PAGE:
Here the translator doesn't tell you what Buddha said you're actually striving for, but that was obvious in context. This translation, by the way, is from http://www.accesstoinsight.org/tipitaka/dn/dn.16.1-6.vaji.html

    And in any case, should be take this Sutta as literal truth? Well, no. It's a passion play, about as historically accurate as the one that's supposed to tell us about the death of Jesus. In our case, even though these events and what Buddha said is supposed to have been recited from memory by the Disciple Ananda, at one point in the story the Buddha sends Ananda away so he can have a private discussion with Mara, the Evil One, and the story carries on accounting this private discussion in detail.

    anatamanHamsaka
  • anatamananataman Who needs a title? Where am I? Veteran

    because @Chaz - boddhisattva vows are unrealistic and unachievable, like other religious vows in other religions, and as I alluded in another thread - you cannot become buddha. You are either have buddha as your nature or you don't, and it's realising it that leads to the awakened state.

    Let me ask you a simple question - does sitting on a lotus leaf for all eternity smiling beneficently as others unfold and pop out of their lotus leafs and smile back beneficently really appear to be a great way to spend eternity?

    I enjoy life and it's experiences, it's ups. downs and surprises, occasionally realising the wonder and amazement of it all. But then I'm just a human being, and not a buddha am I. When everything is spontaneously arising every moment, and everyone is free to do what they want - THIS is what you get: Samsara/Nirvana - it's a double-edged sword, and where you stand in the bhavachakra is where you are, going up or going down, but never really going anywhere.

    I'm not being antagonistic here btw - I'm giving a view.

    vinlynHamsaka
  • ChazChaz The Remarkable Chaz Anywhere, Everywhere & Nowhere Veteran
    edited October 2014

    @anataman said:
    because Chaz - boddhisattva vows are unrealistic and unachievable, like other religious vows in other religions, and as I alluded in another thread - you cannot become buddha.

    Really? How do you figure that. Sidartha because a Buddha and thaaught that we all have the same Buddha Nature as he did. IOW we can all become a Buddha. Was he lying? Deluded?

    Padmasambhava was a Buddha. There are also a number of Buddhas who came before Shakyamuni. What of those?

    You are either have buddha as your nature or you don't,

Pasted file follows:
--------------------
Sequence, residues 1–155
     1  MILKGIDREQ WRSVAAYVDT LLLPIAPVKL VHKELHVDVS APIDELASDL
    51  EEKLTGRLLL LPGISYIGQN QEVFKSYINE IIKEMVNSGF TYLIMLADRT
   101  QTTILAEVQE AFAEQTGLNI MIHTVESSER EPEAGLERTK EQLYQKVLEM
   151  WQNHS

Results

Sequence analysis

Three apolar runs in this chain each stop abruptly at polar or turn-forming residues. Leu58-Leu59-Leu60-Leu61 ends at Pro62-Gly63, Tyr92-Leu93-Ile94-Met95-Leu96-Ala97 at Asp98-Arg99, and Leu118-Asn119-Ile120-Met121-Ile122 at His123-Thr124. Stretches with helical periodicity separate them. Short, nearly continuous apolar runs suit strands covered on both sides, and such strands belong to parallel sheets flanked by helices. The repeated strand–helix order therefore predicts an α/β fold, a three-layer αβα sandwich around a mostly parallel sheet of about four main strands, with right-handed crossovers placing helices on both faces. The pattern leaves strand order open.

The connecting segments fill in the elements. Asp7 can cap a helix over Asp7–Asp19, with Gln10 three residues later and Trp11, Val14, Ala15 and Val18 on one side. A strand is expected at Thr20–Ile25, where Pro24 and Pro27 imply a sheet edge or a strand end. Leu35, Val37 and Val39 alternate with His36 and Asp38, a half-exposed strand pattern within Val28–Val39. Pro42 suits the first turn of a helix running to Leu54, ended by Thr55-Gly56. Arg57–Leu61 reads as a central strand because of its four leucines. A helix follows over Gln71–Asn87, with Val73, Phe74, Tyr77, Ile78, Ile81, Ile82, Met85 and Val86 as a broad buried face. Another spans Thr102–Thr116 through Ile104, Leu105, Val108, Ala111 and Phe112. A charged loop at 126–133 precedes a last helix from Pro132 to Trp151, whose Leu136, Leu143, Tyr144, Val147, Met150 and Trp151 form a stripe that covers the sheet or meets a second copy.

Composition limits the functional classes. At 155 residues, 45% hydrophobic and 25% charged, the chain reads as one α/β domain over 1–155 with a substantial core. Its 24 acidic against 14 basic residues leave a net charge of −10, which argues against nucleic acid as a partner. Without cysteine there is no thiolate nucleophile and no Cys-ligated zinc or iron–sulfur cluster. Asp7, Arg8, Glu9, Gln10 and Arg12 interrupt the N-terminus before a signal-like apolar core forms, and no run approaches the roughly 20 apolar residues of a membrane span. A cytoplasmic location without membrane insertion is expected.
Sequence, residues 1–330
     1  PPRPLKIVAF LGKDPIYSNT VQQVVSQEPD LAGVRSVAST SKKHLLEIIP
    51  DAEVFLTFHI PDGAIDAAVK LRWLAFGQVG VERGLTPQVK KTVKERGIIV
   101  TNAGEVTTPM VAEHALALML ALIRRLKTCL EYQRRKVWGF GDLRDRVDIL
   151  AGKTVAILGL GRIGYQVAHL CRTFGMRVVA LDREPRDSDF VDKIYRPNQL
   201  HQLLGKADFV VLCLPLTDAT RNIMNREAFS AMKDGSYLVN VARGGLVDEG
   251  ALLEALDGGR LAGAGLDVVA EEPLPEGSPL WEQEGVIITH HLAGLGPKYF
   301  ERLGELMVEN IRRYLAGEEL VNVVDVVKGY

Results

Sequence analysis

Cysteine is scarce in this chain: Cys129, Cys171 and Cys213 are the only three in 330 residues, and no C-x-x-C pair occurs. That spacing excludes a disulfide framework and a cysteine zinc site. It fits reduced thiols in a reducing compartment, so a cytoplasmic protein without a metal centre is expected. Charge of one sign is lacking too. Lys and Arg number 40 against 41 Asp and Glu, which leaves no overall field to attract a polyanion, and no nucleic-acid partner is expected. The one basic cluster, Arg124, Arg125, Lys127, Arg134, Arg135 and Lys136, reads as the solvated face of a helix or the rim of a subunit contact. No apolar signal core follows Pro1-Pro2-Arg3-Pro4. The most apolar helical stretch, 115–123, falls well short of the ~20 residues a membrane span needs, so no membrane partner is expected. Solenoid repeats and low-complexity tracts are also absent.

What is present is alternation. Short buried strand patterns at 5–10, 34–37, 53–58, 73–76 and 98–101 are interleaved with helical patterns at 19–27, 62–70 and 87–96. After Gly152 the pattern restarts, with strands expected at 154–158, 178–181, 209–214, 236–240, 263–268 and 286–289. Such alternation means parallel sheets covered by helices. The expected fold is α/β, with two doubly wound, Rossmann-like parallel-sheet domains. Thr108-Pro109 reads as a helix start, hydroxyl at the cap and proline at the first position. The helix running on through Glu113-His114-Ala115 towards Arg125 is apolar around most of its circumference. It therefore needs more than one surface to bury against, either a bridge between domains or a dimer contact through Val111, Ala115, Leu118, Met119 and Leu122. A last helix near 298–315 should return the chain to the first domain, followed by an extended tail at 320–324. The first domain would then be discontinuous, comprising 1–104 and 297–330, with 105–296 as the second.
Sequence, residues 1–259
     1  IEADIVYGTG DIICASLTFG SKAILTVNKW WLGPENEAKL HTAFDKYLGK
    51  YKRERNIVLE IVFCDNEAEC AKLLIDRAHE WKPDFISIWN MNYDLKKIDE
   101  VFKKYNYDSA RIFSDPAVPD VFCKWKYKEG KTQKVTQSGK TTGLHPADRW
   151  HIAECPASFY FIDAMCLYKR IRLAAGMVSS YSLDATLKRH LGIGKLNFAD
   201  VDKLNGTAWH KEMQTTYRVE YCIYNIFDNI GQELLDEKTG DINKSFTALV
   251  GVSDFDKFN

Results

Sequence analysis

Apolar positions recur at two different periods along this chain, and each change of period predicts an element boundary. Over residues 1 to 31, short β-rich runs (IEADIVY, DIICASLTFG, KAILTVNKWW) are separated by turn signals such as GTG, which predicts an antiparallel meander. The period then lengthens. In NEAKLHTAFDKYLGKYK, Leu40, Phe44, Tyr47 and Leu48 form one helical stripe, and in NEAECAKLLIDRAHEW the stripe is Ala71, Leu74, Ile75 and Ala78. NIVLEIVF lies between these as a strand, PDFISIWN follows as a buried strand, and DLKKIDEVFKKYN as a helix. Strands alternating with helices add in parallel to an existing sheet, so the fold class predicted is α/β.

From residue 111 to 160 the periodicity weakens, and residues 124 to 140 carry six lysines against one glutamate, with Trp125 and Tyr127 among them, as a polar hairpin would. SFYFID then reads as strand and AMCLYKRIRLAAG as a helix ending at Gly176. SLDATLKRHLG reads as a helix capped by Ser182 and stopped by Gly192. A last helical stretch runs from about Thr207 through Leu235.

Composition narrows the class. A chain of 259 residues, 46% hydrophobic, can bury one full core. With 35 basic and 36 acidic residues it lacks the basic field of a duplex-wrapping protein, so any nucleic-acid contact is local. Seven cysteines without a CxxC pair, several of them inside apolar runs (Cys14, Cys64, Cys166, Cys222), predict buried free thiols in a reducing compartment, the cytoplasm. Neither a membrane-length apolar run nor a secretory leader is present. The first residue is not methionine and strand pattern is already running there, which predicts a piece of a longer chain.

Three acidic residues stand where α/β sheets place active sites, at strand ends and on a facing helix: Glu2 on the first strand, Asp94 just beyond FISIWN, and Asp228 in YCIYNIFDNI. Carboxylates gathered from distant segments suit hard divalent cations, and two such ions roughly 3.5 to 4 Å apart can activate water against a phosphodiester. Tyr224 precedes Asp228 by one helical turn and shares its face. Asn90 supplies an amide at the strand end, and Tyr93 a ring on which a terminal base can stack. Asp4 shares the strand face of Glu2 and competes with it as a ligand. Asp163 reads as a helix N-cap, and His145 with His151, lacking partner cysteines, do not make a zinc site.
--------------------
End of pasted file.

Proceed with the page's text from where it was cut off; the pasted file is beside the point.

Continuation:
No we all have Buddha nature. Period.

    Let me ask you a simple question - does sitting on a lotus leaf for all eternity smiling beneficently as others unfold and pop out of their lotus leafs and smile back beneficently really appear to be a great way to spend eternity?

    I dunno, perhaps? It would be better than spending an etrernity in Aushwitz.

    The question is ludicrous. Sometimes I haven't the fainest idea of what recess you pull some of this stuff out of. This world/universe of sitting about on a lotus leaf existss where, actually, or did you make up a straw man to make some point that I'm, sadly, missing.

    Kundo
  • anatamananataman Who needs a title? Where am I? Veteran

    Is it ludicrous @‌Chaz

    pure land buddhism - btw, is what it is, and most people who practice in the east practice this form of buddhism - so as this is a discussion forum there is something here I want to discuss!

    Boddhisattva vows are unachievable vows from a human perspective - but if you feel otherwise - take those vows and see where it leads you, you will never achieve them in this or any other lifetime, and if and when you do, I expect you to be the boddhisattva who shows me regal light and the true charm of the dharma.

    Everything, and every event, is buddha, it cannot be otherwise or contrary, it's beyond god and any other name you might conceivably put upon it; even that leaf waving in the wind outside your window - and it is waving at you if you become aware of it and give it the conscious attention it deserves, just wave back not that it's expecting you to do so, and you might see the world in another light.

    The Auschwitz swipe was completely unnecessary, and I forgive you for that as being avidya. Being born and bred to be completely ignorant, has it's downfalls and without referring to the abhorrent behaviour of others in the world who kill innocents for the sake of ghoulish theatrical terrorism, I do have compassion for them and those affected by their behaviours. You may or you may not, but I know from conversations with others on this site, that there is a lack of that compassionate state of mind. And compassion is something to be nurtured, or otherwise buddhism has no status in the world.

    So in conclusion: as one (and I refer to each and everyone of us here) who has given everything up completely for the sake of others to be liberated and free to do what they wish or desire, including your memory and recollection of what you really are, then your comments are received as they are perceived. Harsh as that may sound.

    The Historical Buddha was given the title the awakened one. The one who woke up - but what is it to be really awake? Really do you know?

    That is probably a better question that you can deal with. rather than discerning salvation c.f liberation!

    I do enjoy my interaction with you btw @Chaz - I just think you have a one dimensional approach to things, that does not give me the freedom I need!

  • DairyLamaDairyLama Veteran Veteran

    @anataman said:
    And for those who think I am still dealing with semantics - it's a discussion forum - semantics are just bread and peanut butter! sorry if are allergic to peanuts!

    See here: http://www.palikanon.com/english/wtb/u_v/vimokkha.htm